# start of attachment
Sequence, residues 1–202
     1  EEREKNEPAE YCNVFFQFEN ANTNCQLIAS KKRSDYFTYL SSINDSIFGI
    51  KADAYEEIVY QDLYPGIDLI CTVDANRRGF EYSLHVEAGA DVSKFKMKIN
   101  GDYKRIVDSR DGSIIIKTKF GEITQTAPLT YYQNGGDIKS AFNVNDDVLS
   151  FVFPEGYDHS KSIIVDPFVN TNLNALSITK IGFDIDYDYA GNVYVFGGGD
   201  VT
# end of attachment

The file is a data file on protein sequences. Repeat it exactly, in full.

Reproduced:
Sequence, residues 1–202
     1  EEREKNEPAE YCNVFFQFEN ANTNCQLIAS KKRSDYFTYL SSINDSIFGI
    51  KADAYEEIVY QDLYPGIDLI CTVDANRRGF EYSLHVEAGA DVSKFKMKIN
   101  GDYKRIVDSR DGSIIIKTKF GEITQTAPLT YYQNGGDIKS AFNVNDDVLS
   151  FVFPEGYDHS KSIIVDPFVN TNLNALSITK IGFDIDYDYA GNVYVFGGGD
   201  VT